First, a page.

People v. Crawford

Decision Date07 September 1976
Docket NumberNo. 26439,26439
Citation191 Colo. 540,553 P.2d 827
PartiesThe PEOPLE of the State of Colorado, Plaintiff-Appellee, v. Burnice Allen CRAWFORD, Defendant-Appellant.
CourtColorado Supreme Court

John P. Moore, Atty. Gen., John E. Bush, John R. Rodman, Asst. Atty. Gen., Denver, for plaintiff-appellee.

Ashen & Fogel, William L. Keating, Denver, for defendant-appellant.

LEE, Justice.

Defendant Burnice Crawford was charged with the first-degree murder of Kenneth Baxter, and the jury returned a verdict of guilty on the lesser included offense of voluntary manslaughter, C.R.S.1963, 40--2--5. 1 We affirmed.

Testimony at trial revealed that defendant and decedent were both middle-aged divorced men who jointly rented an apartment. Though generally on friendly terms, they often quarreled and argued, and on several occasions decedent had in anger slapped defendant. Baxter was a taller and stronger man than defendant.

The killing occurred on June 16, 1972. At approximately 6:30 p.m., defendant and a neighbor, Raymond Basford, entered the apartment, having just purchased various food items at a supermarket, which they intended to prepare for dinner. Baxter was in the kitchen when they arrived, and he and defendant became embroiled in an argument over whether defendant had paid Baxter for some vodka. According to defendant's testimony, Baxter called him a liar and slapped him on the side of the face, knocking him against the refrigerator.

Defendant testified further as follows. After being struck, he feared further abuse; so he locked himself in his bedroom. He then saw his sixteen-gauge shotgun in the corner and decided to 'bluff' Baxter rather than let Baxter strike him again. Exiting the bedroom, he saw Baxter coming rapidly toward him in an angry manner, cursing. He begged the latter to stop and instinctively threw up his hand, which held the gun, to shield himself. The weapon discharged, three or four feet from decedent's throat, fatally wounding him. Defendant testified that he had not intended to kill decedent, and did not intentionally pull the trigger. Though in a state of disbelief as to what he had done, he promptly called the police to report the incident.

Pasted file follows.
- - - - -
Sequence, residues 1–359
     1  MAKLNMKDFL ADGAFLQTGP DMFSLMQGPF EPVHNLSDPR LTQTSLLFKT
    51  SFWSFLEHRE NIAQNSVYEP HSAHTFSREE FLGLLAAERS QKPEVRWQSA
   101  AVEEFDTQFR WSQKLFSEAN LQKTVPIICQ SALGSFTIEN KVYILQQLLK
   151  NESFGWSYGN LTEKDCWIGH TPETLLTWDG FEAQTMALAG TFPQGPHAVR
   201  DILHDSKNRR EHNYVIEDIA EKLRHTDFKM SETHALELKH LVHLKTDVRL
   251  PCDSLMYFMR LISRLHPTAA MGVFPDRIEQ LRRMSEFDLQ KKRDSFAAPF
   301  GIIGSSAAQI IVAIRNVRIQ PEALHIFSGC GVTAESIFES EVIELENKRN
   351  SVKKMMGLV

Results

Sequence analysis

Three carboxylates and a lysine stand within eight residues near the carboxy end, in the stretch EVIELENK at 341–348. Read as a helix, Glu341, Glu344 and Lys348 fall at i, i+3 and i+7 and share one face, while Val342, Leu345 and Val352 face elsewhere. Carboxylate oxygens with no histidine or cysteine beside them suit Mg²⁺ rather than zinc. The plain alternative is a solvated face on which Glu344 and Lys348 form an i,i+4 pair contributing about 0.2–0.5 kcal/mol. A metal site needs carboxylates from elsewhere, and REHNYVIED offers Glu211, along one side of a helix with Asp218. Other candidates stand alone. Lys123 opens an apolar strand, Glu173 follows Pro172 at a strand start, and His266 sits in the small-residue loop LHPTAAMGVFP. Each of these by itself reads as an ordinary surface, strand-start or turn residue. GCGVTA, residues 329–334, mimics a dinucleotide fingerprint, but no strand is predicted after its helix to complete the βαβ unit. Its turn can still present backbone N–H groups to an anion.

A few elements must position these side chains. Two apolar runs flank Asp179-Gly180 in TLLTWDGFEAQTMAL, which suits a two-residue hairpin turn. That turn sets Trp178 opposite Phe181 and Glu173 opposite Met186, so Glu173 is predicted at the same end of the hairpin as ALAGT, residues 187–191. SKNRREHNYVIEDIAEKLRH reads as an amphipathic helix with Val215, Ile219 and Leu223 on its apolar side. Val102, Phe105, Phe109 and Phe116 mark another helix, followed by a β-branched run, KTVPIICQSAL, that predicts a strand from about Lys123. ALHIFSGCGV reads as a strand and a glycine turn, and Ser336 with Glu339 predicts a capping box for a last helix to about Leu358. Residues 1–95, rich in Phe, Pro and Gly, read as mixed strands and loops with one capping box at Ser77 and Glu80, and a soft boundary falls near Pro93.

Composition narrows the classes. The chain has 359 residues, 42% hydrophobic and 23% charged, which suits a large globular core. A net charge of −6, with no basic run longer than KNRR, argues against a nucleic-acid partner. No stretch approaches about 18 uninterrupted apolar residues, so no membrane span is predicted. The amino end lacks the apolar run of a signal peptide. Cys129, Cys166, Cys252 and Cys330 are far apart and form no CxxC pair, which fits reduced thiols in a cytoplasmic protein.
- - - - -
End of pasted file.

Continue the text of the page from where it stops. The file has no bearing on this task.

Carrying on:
The neighbor, Basford, who was present during these events but who did not actually witness the shooting, stated that he heard the parties argue, and that defendant had said, 'Ken, apologize to me or I'll kill you.' According to Basford, decedent thereafter said 'Just forget it. * * * We'll talk about it tomorrow. * * *' Perhaps thirty seconds later, he saw defendant, with the gun, run into the living room, followed by Baxter, and then a shot went off. When he hurried into the living room, said Basford, defendant exclaimed, 'He was going to hit me.'

Defendant denied that he had threatened to kill Baxter. Three witnesses, some of whom were acquainted with both defendant and decedent, testified that Basford's reputation for truth and veracity was bad and that defendant's reputation for being peaceable and nonviolent was good. Defendant's theory of defense was that the shooting was accidental and that the killing was therefore excusable.


Defendant argues first that his attorney should have been permitted to cross-examine prosecution witness Basford about two prior incidents which tended to show Basford's disposition to make false statements and accusations: (1) a hoax perpetrated by Basford wherein he informed police and the news media that a boa constrictor was loose in the apartment building where he lived; and (2) his groundless accusation that two women living in his apartment were prostitutes. Defendant contends that these specific incidents reflected adversely on Basford's credibility, in that they showed a desire on his part to be the center of attention and a tendency to make false criminal claims. We hold the trial court properly refused to allow this inquiry.